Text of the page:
The company is clearly getting stronger from our current environment as much of the world’s population is staying at home more than usual. As a result, more new households around the world are subscribing to Netflix and fewer existing subscribers are canceling.
At first, one might think many of the recently unemployed would cancel a discretionary service like this, but it doesn’t seem likely given Netflix’s attractive value proposition. The Standard plan, at an affordable $12.99 a month, provides unlimited ad-free, on-demand entertainment. People are spending less going out to the movies, restaurants, bars, and other places, which should allow more than enough room in the budget for Netflix. In addition, households are more likely to cancel their far more expensive cable TV packages than their modestly priced Netflix subscription.
Amazon.com (NASDAQ: AMZN) is another company that meets both these criteria. Despite the company’s size and relevance to many of our lives, it still has only about 1% of the $25 trillion global retail market. And despite the incredible growth of Amazon Web Services (AWS), which has grown from an internal start-up in 2006 into a $41 billion annual revenue run-rate business today, it only accounts for a tiny fraction of the $3.7 trillion global IT market. Clearly, the company has long runways to grow in its two core businesses.
And it has other big growth opportunities: advertising, global logistics, healthcare, its Echo smart speakers, Amazon Go brick-and-mortar retail technology, and a laundry list of other initiatives and investments.
Amazon is clearly strengthening as a result of the pandemic. Beginning in March, it began to see demand rapidly accelerate to the point that it couldn’t keep up. The company quickly hired 175,000 more employees in fulfillment and delivery roles to help catch up. On its first-quarter conference call, management suggested the company would begin being able to fulfill demand starting in the current quarter, although it admitted it was hard to predict the exact timing. Regardless, it’s only a matter of time before Amazon catches up with demand, which should result in surging sales growth.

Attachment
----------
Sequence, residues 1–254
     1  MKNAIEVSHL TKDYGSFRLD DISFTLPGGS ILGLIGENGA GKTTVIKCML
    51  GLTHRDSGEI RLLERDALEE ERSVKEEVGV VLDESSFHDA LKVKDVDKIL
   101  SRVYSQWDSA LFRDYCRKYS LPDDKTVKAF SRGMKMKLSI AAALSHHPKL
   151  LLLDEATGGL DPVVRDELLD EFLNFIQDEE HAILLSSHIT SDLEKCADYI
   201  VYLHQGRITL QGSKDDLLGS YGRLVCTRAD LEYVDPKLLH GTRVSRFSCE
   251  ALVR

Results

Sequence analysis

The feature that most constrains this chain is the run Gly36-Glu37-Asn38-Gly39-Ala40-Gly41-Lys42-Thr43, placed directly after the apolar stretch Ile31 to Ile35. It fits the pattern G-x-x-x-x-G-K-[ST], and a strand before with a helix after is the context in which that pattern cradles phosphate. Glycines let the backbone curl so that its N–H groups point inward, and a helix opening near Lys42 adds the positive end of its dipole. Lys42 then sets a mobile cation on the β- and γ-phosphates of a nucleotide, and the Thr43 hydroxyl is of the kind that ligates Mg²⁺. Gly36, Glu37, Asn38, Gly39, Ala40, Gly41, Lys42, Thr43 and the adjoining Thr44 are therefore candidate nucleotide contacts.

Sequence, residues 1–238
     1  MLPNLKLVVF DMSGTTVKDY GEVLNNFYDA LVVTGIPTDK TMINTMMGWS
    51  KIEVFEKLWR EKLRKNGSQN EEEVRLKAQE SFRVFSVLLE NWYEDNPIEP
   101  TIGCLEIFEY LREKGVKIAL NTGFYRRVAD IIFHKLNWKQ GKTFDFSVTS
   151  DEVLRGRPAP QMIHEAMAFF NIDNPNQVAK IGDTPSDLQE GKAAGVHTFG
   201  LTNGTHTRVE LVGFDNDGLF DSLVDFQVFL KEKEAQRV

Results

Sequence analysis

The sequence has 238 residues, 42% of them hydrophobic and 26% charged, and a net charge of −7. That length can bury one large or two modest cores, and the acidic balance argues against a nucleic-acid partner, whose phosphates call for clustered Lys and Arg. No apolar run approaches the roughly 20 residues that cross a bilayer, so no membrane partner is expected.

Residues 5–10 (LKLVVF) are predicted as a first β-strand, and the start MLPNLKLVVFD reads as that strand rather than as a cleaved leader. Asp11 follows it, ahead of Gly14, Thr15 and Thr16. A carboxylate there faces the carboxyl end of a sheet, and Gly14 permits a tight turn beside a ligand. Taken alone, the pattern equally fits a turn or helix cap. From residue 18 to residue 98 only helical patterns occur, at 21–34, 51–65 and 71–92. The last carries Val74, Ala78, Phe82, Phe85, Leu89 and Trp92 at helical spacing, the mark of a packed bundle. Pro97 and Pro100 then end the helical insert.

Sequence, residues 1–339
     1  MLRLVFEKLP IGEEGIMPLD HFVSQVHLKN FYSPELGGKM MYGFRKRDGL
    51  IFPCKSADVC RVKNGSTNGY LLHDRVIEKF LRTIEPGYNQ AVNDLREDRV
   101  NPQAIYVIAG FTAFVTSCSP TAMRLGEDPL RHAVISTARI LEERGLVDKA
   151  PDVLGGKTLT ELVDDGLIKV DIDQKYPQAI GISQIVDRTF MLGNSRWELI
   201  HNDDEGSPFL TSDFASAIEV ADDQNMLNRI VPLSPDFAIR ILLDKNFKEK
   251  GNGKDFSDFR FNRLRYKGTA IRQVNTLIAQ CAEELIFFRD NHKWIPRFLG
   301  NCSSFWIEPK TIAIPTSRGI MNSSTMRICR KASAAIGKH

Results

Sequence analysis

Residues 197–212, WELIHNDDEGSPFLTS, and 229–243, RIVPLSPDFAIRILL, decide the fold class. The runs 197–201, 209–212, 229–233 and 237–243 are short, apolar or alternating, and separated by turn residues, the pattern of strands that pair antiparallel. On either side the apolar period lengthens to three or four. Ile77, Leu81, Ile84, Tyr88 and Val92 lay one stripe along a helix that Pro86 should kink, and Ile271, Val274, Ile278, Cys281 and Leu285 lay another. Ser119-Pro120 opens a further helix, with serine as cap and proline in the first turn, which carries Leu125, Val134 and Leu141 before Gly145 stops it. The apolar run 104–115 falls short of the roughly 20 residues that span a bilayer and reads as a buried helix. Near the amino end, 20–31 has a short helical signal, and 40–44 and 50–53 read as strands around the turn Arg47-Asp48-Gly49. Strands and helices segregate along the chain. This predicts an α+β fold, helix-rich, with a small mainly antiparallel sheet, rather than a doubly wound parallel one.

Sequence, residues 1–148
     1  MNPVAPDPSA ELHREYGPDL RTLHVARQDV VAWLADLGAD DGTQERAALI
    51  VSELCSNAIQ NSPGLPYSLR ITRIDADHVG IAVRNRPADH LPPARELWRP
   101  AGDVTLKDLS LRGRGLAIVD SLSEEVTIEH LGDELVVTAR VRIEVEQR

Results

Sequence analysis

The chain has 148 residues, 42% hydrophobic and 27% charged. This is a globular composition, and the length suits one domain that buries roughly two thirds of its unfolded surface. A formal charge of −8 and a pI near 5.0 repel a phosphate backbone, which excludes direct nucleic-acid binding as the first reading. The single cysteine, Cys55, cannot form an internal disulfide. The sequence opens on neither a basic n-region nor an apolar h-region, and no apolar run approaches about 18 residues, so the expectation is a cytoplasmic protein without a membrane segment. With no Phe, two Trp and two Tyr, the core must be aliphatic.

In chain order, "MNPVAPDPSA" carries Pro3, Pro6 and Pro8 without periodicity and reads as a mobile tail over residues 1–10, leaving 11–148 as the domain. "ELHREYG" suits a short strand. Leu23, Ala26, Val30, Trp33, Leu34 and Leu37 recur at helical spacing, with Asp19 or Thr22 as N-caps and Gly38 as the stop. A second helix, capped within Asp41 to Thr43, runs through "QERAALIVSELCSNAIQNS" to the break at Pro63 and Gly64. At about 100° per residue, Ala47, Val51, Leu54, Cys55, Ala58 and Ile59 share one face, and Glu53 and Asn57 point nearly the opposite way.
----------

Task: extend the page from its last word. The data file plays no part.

Netflix and Amazon are not the only companies meeting these two criteria. Wise investors looking to put $1,000 to work should be able to identify other potential investments by looking for growth companies with big runways.
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John Mackey, CEO of Whole Foods Market, an Amazon subsidiary, is a member of The Motley Fool’s board of directors. Andrew Tseng owns shares of Amazon and Netflix. The Motley Fool owns shares of and recommends Amazon and Netflix and recommends the following options: short January 2022 $1940 calls on Amazon and long January 2022 $1920 calls on Amazon. The Motley Fool has a disclosure policy.